Wivenhoe, Essex

'A drinking village with a fishing problem'

Wivenhoe is a town of some 10,000 inhabitants on the north bank of the River Colne estury between Colchester and Clacton in north-east Essex. The town is built on a promentary of sand and gravel which has formed a natural place for a settlement since pre-Roman times. The town has traditionally been associated with the maritime life of the east coast. Ship-building, fishing and a thriving port gave Wivenhovians their local employment and contacts with the wider world beyond the farming and market life of the other local villages.

Wivenhoe now has changed with the times; the railway station with a one hour jouney to London is to many the focus of the Town in the 21st Century. The port has closed, the land redeveloped as housing to help cater for the increasing number of commuters. The last ship has left the slipway at Cook's yard and there are only five or six inshore fishing boats left in the dock. Wivenhoe has been the home since 1964 of The University of Essex built in the grounds of the old Manor House.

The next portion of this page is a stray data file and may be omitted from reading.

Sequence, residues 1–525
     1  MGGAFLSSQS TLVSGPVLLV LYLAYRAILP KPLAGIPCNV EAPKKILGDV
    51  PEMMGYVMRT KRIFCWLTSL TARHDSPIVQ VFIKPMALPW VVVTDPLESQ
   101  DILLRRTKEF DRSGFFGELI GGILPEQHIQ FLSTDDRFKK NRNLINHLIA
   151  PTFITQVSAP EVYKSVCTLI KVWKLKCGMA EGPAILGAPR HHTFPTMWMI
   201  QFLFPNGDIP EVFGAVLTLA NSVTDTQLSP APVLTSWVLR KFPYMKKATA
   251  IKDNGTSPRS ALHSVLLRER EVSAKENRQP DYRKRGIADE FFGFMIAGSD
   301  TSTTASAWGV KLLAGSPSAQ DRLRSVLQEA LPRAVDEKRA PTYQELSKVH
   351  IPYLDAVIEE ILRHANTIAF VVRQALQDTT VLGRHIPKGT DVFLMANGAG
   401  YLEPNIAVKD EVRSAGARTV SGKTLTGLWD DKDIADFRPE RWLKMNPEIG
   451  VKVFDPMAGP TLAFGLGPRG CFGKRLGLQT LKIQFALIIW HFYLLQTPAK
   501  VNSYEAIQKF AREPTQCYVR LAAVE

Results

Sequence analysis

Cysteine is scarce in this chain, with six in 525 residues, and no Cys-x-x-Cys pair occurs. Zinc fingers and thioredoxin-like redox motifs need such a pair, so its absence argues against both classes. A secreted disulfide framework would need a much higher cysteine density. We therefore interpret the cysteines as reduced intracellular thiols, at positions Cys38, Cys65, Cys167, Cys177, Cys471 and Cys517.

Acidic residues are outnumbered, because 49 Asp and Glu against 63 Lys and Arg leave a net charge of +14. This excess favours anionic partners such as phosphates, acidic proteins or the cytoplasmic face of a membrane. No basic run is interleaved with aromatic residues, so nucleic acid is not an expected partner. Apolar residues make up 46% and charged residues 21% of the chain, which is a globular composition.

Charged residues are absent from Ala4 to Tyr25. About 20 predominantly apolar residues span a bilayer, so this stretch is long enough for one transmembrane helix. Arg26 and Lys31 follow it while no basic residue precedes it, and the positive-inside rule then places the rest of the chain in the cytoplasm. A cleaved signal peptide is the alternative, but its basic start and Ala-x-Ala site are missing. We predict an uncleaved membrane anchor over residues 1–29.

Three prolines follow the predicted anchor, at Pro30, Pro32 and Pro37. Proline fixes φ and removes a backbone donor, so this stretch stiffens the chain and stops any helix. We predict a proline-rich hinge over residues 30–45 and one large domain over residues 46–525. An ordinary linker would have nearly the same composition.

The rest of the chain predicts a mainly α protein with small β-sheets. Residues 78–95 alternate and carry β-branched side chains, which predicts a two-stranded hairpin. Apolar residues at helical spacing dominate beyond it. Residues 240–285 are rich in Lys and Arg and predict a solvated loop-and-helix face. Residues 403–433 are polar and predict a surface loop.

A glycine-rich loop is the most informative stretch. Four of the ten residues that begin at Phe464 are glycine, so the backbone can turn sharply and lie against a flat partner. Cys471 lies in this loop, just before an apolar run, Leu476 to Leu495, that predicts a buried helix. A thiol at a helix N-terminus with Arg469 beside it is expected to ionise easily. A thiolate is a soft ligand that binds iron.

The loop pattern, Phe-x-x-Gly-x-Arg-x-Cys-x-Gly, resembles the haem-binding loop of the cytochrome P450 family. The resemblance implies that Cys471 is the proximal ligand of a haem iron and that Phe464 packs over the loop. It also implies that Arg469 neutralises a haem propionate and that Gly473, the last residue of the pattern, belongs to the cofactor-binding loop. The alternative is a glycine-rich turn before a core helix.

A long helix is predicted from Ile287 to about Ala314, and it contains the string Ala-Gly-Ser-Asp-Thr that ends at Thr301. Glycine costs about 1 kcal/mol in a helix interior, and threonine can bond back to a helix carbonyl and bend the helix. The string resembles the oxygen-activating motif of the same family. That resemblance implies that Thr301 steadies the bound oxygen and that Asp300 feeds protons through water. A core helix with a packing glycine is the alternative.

Wivenhoe Town forms part of Colchester Borough (125 square miles, population 160,000) which stretches from the beautiful Dedham Vale and Constable country in the north east to the yachting and wildlife havens of Mersea Island and the Colne estuary to the south. Colchester is Britain's oldest recorded town - documented since it was the Celtic stronghold of Camulodunum. Archaeological evidence shows a settlement existed here 3,000 years ago. Today, most of Colchester town centre lies within the ancient boundaries of Camulodunum, the Anglo Saxon town famous for their chief Boudicca.

Colchester lies 54 miles east of London, with fast direct links into the capital via the A12/M25 road network, or just 47 minutes by train into the heart of the city. To the north it links with Ipswich and the A14 route to Birmingham and via the M1/M6 to the midlands and the north of England. It is just 45 minutes from London's third airport at Stansted, and 30 minutes from the major east coast ports of Harwich International and the Port of Felixstowe.